More than half of N.J. corrections workers remain unvaccinated after mandate deadline
Union officials are sounding the alarm as the state, like many, grapples with a staffing shortage
By Sarah Sinning
TRENTON, N.J. — Thousands of correctional workers in New Jersey risk losing their jobs after failing to meet Governor Phil Murphy’s Wednesday night vaccine mandate deadline, The New Jersey Monitor reports.
About 43% of the roughly 7,280 civilian and uniformed staff at NJDOC had received a COVID-19 vaccine as of yesterday afternoon, said Liz Velez, the department’s communications director.
The mandate also applies to county correctional facilities.
The state Supreme Court failed to block the mandate Monday night after the New Jersey Policemen’s Benevolent Association sued, calling the governor’s amended requirement governmental overreach and warning it would lead to a critical loss of correctional staff.
Until last month, workers in healthcare centers, nursing homes, correctional facilities and other congregate settings could avoid getting vaccinated if they received regular tests. Gov. Murphy dropped the testing option from his executive order as the omicron wave raged in the state, saying that his administration was “no longer going to look past those who continue to put their colleagues and ... those who are their responsibility in danger of COVID.”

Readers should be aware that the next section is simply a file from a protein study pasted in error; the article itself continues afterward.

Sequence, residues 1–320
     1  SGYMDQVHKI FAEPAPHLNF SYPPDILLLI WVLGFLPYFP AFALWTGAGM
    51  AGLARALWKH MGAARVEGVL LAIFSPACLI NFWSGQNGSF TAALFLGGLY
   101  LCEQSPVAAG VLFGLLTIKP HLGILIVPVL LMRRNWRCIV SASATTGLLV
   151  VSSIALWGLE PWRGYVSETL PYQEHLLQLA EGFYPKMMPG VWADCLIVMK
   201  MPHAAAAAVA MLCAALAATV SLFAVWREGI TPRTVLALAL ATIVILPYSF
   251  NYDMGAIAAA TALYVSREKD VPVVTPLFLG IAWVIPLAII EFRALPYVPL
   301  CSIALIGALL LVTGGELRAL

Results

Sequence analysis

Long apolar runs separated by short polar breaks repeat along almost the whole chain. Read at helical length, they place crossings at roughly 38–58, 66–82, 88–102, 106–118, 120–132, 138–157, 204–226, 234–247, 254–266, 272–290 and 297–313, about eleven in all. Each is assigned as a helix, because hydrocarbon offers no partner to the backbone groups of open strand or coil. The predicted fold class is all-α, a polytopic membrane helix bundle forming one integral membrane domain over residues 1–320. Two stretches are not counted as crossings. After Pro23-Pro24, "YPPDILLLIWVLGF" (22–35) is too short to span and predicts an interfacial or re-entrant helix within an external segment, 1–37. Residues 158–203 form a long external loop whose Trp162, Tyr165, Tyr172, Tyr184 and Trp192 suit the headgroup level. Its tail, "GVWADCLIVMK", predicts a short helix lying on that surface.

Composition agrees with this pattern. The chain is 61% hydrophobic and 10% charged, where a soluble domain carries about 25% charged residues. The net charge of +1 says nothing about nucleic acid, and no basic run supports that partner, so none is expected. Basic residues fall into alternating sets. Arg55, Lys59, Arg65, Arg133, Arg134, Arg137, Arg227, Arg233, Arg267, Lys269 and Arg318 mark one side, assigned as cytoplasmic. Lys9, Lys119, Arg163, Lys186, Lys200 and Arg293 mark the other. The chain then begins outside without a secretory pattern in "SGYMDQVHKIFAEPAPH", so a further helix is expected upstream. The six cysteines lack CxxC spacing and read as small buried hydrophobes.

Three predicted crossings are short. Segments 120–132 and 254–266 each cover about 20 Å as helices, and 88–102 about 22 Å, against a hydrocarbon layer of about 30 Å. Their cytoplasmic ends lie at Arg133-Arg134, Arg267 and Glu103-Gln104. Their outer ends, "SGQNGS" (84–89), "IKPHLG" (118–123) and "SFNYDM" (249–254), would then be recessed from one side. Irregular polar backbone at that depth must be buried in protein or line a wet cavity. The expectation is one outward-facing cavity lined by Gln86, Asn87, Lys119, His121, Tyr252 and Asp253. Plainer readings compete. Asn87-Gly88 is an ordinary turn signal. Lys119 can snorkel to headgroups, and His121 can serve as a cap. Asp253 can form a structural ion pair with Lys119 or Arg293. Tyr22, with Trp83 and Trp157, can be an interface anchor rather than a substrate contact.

Employees were required to show proof of at least one vaccine dose by yesterday, with March 30 being the deadline for full compliance, including boosters for those who are eligible.
“For those members that showed up since March of 2020 when the rest of the world was on Zoom, showed up to the prisons, locked themselves behind bars 10 or 11 months before a vaccine was even available to anybody – seems like at midnight tonight, many are going to be tossed out with the bathwater,” said Pat Colligan, president of the New Jersey State Policemen’s Benevolent Association.
Staff who submitted exemption requests by midnight Wednesday will not be suspended while their applications are processed, Velez said.
Everyone else “will be given notice of non-compliance, with three days from the date of the notice to comply,” she said. Those who still don’t comply will be suspended without pay following a disciplinary hearing while they await the conclusion of termination proceedings.
Union officials, however, are sounding the alarm about pushing out any staff amid an ongoing shortage.
“A lot of people don’t realize the state was losing 15 correctional police officers a pay period long before this mandate was signed,” Colligan said. “This is people just literally walking away from the job because they don’t want to do it anymore. I think we’re losing sight of that, too. We don’t exactly have a long line of applicants waiting to jump into their spots.”